In an interview with The Associated Press, the Pope confirmed that if he resigns, he would like to be called Bishop Emeritus of Rome. He also said that, at the time, he, like any other retired priest, would prefer to live in a diocesan residence for elderly priests.
Francis said it was important for him to underline the concept that the pope is a bishop in dialogue with everyone else, rather than a “power player”.
At the same time, he stressed that he does not think about resigning in the short term and that he is in good health, although he said that the intestinal problems that forced him to operate in 2021 are coming back.
The Pontiff also revealed a fact: that he suffered a fall that broke his bone. He said it was rectified without the need for surgery thanks to the treatment done with lasers and magnets.
Perhaps this was the reason for the lameness that had been with him for over a year.
With his usual sense of humour, he added that “he could be dead tomorrow”, as he is 86, but that everything is “under control” at the moment.
He also spoke of criticism that the Cardinal or the staff of the Curia have recently and publicly directed against him. He said they are obnoxious, but at least it is a sign that there is freedom of speech.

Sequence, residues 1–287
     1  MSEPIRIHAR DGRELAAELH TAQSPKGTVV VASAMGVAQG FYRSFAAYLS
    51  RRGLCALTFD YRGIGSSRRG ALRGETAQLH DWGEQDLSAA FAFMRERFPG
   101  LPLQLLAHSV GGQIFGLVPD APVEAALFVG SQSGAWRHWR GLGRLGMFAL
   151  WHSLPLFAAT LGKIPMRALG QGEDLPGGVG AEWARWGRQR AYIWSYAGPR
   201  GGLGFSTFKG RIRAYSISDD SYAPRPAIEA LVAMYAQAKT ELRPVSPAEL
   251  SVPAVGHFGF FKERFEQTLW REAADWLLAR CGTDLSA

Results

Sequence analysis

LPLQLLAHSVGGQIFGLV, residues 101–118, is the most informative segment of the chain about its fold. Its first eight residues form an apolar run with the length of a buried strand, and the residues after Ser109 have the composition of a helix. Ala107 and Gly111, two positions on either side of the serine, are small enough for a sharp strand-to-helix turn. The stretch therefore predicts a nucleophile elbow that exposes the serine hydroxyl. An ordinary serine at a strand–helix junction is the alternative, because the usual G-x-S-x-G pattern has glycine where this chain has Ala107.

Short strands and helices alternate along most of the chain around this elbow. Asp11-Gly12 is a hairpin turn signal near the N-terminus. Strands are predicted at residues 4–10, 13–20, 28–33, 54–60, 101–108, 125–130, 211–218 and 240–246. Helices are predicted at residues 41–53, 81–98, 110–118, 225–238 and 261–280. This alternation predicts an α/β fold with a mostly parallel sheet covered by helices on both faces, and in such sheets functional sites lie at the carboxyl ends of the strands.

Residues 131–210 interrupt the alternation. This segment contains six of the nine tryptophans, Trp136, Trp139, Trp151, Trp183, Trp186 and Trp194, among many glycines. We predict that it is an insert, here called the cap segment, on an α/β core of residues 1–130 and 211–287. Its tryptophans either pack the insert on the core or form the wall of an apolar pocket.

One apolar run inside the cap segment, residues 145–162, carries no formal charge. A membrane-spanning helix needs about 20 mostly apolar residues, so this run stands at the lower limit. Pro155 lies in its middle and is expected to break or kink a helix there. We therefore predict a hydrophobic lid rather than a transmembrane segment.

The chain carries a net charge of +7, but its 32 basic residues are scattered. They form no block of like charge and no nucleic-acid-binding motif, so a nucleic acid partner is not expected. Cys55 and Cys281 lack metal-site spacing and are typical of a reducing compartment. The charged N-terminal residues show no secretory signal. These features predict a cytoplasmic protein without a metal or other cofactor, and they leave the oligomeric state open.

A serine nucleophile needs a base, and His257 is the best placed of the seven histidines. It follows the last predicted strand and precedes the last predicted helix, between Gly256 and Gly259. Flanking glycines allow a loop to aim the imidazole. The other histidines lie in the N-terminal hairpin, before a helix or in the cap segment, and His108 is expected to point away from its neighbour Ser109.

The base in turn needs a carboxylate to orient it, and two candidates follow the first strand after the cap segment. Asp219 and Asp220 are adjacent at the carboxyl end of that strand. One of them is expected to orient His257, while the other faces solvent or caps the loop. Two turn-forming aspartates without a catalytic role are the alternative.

One of the criticisms came from Benedict XVI’s former secretary, who relayed some of the Pope Emeritus’ negative reactions to the measures taken by Francis. These are responses that Benedict XVI has never made public and that may fuel Francis’ rejection by some areas of the church.
One of the events that has had the most impact on the Vatican in recent weeks was the revelation that Cardinal George Pell was the author of a document highly critical of Francis’ papacy. The document circulated for a long time under a pseudonym and listed a series of problems that should be solved in the future by the next pope.
Francis’ papacy was defined as a “disaster” and a “catastrophe”. However, this disclosure of the document’s authorship was made after Cardinal Pell’s death, so there is no way to verify it. Nevertheless, the Pope insisted on praising the Australian cardinal for his work on Vatican finances.